Veneta MassonOctober 11, 2010 -- Today The Washington Post ran an excellent op-ed by Veneta Masson, the Washington, D.C. nurse practitioner and writer, based on an article she wrote for this month's Health Affairs. Explaining why she no longer gets annual mammograms, Masson discusses the research about the flawed test, finding no evidence that it actually saves lives. And she points to downsides including the severe harm many suffer from unnecessary treatment following false positives. The Post rightly describes Masson as a "nurse practitioner," even though she no longer practices, because nursing is a profession. But a story on the mammogram debate that aired today on National Public Radio's Morning Edition was not so good for nursing. Richard Knox's piece includes a brief statement by Masson, but it refers to her as a "former nurse practitioner." By contrast, it's unusual to hear a reference to a "former physician." In addition, NPR cites Masson only as a "patient" to provide balance for the views of another patient who supports screening but who has no evident health expertise. Then the piece shifts to quotes from "experts," implying that Masson is not one, despite her 20 years as an NP and the fact that her articles discuss the relevant research in some detail. NPR does include as an "expert" a public health physician who chaired the Federal Task Force on Mammograms but who appears to have no professional expertise in oncology. The online version of the NPR story at least mentions Masson's Health Affairs article, but the broadcast does not. We thank Masson and the Post for helping the public understand that nurses are articulate, informed health advocates. more...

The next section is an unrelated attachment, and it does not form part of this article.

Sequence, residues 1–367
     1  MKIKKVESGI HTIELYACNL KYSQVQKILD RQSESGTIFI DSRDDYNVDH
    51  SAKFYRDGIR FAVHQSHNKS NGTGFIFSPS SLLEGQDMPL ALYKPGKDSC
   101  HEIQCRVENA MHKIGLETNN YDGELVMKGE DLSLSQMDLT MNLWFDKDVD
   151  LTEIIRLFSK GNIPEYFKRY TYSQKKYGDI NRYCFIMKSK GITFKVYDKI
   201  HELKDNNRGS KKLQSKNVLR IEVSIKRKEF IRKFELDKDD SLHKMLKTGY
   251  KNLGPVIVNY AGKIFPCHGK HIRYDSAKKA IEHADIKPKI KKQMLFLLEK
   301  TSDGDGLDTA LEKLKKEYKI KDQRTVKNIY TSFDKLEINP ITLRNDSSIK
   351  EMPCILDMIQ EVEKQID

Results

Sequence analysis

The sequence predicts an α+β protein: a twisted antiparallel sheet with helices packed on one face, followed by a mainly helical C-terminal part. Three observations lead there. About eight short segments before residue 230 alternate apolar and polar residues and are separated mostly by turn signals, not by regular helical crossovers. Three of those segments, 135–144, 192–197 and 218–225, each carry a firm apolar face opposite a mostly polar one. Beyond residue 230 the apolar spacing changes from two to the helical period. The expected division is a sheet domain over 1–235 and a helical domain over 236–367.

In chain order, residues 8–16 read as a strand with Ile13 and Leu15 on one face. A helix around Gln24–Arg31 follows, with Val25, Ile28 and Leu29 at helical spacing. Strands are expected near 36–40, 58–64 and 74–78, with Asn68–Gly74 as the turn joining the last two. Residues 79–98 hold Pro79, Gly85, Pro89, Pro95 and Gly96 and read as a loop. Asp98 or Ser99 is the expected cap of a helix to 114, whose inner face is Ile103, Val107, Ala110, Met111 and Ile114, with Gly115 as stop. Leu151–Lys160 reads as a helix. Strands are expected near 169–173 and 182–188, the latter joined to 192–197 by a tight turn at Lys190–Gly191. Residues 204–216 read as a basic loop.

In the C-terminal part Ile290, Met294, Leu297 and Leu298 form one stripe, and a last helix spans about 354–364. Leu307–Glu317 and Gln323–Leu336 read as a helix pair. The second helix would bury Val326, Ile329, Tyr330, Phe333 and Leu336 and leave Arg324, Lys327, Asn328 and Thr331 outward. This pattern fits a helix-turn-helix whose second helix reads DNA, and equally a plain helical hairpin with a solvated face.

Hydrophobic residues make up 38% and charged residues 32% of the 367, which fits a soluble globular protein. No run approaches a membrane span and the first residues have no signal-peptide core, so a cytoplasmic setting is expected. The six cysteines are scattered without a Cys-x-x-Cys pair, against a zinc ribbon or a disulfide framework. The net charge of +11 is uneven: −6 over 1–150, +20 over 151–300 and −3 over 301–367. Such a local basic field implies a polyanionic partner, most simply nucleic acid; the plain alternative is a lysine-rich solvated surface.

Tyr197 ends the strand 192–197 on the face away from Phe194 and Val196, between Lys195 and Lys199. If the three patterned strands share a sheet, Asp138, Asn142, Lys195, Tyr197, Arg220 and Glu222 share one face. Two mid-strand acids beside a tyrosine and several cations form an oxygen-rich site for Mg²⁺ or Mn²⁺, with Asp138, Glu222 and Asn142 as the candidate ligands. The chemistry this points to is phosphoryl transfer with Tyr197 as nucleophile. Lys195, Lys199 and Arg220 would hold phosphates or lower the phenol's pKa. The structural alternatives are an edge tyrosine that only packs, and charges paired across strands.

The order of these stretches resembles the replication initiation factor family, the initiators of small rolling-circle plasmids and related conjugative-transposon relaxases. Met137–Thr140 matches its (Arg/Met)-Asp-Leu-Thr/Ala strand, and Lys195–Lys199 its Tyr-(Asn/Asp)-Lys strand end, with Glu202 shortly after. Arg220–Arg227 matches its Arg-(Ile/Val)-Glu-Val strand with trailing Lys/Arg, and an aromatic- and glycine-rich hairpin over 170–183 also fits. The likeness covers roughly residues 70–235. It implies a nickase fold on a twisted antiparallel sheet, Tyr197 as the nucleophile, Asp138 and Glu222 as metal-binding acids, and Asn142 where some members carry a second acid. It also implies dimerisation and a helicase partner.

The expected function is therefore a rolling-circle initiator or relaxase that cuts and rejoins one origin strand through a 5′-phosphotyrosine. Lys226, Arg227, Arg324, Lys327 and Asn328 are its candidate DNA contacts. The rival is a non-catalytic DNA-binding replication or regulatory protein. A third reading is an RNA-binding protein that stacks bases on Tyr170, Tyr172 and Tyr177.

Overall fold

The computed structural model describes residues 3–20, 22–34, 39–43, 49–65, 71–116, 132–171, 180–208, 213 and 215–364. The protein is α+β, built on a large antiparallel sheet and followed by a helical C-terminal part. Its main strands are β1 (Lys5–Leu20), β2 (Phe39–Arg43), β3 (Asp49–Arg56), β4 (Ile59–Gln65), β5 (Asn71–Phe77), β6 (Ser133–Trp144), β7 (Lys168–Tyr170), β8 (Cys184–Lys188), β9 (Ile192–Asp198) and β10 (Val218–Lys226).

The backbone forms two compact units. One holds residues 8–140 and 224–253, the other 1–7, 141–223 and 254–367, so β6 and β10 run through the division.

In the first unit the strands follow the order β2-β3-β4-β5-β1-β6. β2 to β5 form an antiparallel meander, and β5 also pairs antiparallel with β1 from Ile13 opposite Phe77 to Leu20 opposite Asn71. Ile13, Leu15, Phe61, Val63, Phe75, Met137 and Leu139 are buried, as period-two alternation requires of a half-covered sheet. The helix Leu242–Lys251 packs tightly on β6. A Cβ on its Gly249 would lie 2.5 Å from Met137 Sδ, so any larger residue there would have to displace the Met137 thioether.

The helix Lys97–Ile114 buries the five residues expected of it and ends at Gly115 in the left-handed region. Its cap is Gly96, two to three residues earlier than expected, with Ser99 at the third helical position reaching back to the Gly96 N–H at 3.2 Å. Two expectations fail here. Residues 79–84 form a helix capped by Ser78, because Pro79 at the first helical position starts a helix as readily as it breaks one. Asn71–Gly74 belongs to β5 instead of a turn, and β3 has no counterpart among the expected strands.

Register Now for The Truth's Conference: Empowering Nurses and Improving Care!

French QuarterMarch 3, 2011 -- Register now for The Truth About Nursing's conference in New Orleans, April 15-17, 2011, "Empowering Nurses and Improving Care Through Better Understanding of Nursing," at the beautiful Marriott Renaissance Arts Hotel, located in the heart of this fabulous city! Speakers will include Kathleen Bartholomew, Donna Cardillo, Sandy Summers, journalist Hope Keller and a representative of Rutgers University's 2012 Project, who will tell us how to get more nurses into politics! Other topics include enhancing public understanding of nursing through the media, educating decision-makers and physician colleagues about nursing, effective strategies to improve working relationships, and practical steps toward achieving nursing empowerment. This work is critical in helping the nursing profession get the respect and resources that it deserves and that patients need. Twelve continuing education hours are anticipated. Exciting events include a welcome cocktail reception and a Riverboat Jazz Dinner Cruise on the Mississippi. Come enjoy the food and culture of the Crescent City as you explore how to move nursing forward! Get details here...

         

Truth About Nursing media appearances   

"Nurses vs. Robots: No Contest"

March 1, 2011 -- Today HealthLeaders Media ran a thoughtful piece by Rebecca Hendren about the tendency to call new surgical robots "nurses," even though such robots cannot do the vast majority of skilled tasks that OR nurses do. The piece relied on expert comment from Kathleen Bartholomew and Sandy Summers, both of whom will speak at the Truth's conference in April. see the article...